Protecting the Colombian páramos: It’s more than just rules | Interamerican Association for Environmental Defense (AIDA) Skip to content Skip to navigation
Photo: Páramos in the municipality of El Cerrito (Santander, Colombia). Credit: Celeste Kauffman.

Photo: Páramos in the municipality of El Cerrito (Santander, Colombia). Credit: Celeste Kauffman.

Protecting the Colombian páramos: It’s more than just rules

By Carlos Lozano, legal advisor, AIDA,@CLozanoAcosta

The consensus in Colombia is that páramo ecosystems are important and must be protected. These high-altitude wetlands are a source of clean water for over two million people. They play a key role in combating climate change, and they host a wealth of strategic biopersity.

Half of the world’s páramos are found in Colombia, where they provide the country with 70% of its potable water [1]. Colombia’s print media, for the most part, has shown support for protecting the páramos, backed by a critical mass of congruent public opinion. Progress has been made to conserve the páramos with new regulations and public policies, but challenges remain. Hampering the conservation efforts are the poor implementation of regulations, local community protests, persuasive mining interests and, most recently, a national agrarian strike [2].Photo: Páramos in the municipality of El Cerrito (Santander, Colombia). Credit: Celeste Kauffman.

National laws incorporate provisions to protect the páramos, including a prohibition of mining activities, among other things. Unfortunately, Colombia’s Constitutional Court recently ruled against reforms to the Mining Code (Law 1382 of 2010) that included a provision expressly forbidding mining in the páramos. Despite this setback, there is a series of domestic rules that, when interpreted as a whole, retain the prohibition on mining.

Other legal safeguards exist in the country’s judicial system. The Colombian Constitution, for example, makes general references to environmental protection in articles 8, 58, 79, 80, 333 and 334. The law for the National Environment System (Law 99 of 1993) states that páramo areas are subject to special protection and that human consumption of páramo water is prevalent. The Constitutional Court also has said that the zones banned from mining in the country are not limited to national parks (case C-339 of 2002), and the National Development Plan (Law 1450 of 2011) stipulates that páramo ecosystems cannot be used for further agricultural activities, the exploration or exploitation of oil and minerals or for the construction of oil refineries.

What is more, Colombia is obliged to protect the páramo through binding international laws including conventions on biological persity, wetlands of international importance (Ramsar) and climate change. All of these make strong arguments for the protection of the páramos. Photo: The Chingaza Natural National Park is an important páramo reserve (Colombia). Credit: Natalia Jiménez.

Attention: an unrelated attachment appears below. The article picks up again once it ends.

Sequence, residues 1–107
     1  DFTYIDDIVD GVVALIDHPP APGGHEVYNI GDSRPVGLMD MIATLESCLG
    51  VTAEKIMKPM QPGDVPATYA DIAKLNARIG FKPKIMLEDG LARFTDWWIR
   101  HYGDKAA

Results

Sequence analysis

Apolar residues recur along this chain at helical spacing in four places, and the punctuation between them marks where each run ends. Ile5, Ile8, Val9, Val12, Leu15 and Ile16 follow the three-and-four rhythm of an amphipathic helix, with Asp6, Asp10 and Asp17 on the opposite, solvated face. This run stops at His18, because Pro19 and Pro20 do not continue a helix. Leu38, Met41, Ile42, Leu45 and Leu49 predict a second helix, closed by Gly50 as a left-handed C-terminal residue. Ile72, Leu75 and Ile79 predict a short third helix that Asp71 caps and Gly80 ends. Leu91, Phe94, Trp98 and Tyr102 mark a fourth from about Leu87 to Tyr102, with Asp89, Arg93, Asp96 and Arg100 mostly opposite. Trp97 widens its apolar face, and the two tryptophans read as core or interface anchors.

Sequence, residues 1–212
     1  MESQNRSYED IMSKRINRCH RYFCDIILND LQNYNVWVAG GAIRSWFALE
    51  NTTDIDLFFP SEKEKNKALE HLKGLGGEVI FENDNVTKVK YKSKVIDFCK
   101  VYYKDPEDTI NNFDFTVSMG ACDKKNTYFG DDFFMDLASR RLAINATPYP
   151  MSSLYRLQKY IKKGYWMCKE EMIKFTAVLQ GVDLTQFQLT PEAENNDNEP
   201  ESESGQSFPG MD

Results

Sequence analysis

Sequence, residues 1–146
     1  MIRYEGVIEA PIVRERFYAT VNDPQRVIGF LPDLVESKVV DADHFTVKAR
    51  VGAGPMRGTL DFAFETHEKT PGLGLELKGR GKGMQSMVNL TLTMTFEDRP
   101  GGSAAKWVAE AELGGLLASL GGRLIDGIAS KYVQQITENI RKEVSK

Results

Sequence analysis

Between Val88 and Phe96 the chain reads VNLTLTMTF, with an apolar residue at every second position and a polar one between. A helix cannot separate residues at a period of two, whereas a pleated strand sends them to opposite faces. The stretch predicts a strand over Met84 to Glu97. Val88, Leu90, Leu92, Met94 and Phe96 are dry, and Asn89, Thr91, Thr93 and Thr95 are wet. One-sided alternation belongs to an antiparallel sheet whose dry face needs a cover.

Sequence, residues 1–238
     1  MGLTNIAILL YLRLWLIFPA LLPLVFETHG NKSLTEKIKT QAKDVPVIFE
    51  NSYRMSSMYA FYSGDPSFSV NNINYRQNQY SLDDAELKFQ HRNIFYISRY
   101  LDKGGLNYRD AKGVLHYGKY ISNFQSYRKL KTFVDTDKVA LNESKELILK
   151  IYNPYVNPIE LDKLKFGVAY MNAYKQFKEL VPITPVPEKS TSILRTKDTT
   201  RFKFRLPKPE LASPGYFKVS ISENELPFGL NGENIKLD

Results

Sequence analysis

In spite of the clear legal framework in place to protect the páramos, a nationwide debate is underway as to what defines the páramos and where its official boundaries lie. The discussion was settled with a scientific territorial demarcation drawn up by the Humboldt Institute, initially mapped at a scale of 1:100,000 and then with some areas at a scale of 1:25,000 in accordance with the National Development Plan.

The cartography is a serious and rigorous work, so much so that it won an award of excellence from Colombia’s Alejandro Ángel Escobar Foundation for its significant and meaningful contribution to science. The National Development Plan law states that the delimitation should be adopted as part of a legal administrative act so that it becomes a mandatory standard. There are no legal arguments preventing the proper demarcation from being adopted as soon as possible.

It’s likely that a strict demarcation of the páramos would have social and economic impacts on the local community. But these do not outweigh the potential harm that could result as a consequence of allowing high-impact activities like mining in the páramos. A particular harm would be the disruption of clean water supplies. Moreover, a weaker demarcation that allows the continuation of local economic activities (including mining and agriculture) not only harms the environment but also fails to recognize the importance of these pristine ecosystems.

The course of action we recommend for Colombia is: i) To adopt the demarcation of the Humboldt Institute mapped at as detailed a scale as possible, according to the National Development Plan law; ii) To work with local communities, making a gradual and concerted effort to properly implement and enforce the requirements of the demarcation, including the cessationof industrial activities and iii) Employ mechanisms to compensate for the demarcation’s impacts, including effective economic and industrial restructuring where necessary.

[1] ALEXANDER VON HUMBOLDT BIOLOGICAL RESOURCES RESEARCH INSTITUTE. Andean Páramo Project: The Great Book of the Páramo, page 61.

[2] Since August, some sectors of the Colombian farming community have mobilized in protest against the impact of free trade agreements on local food production: The strike has caused a sharp drop in the popularity of President Juan Manuel Santos and with it, his chances for re-election. Some analysts argue that with the current situation governance is weak. That means sectors like mining have a strong incentive to lobby the government to gain concessions. It could also lead to the implementation of an unsatisfactory páramo demarcation.

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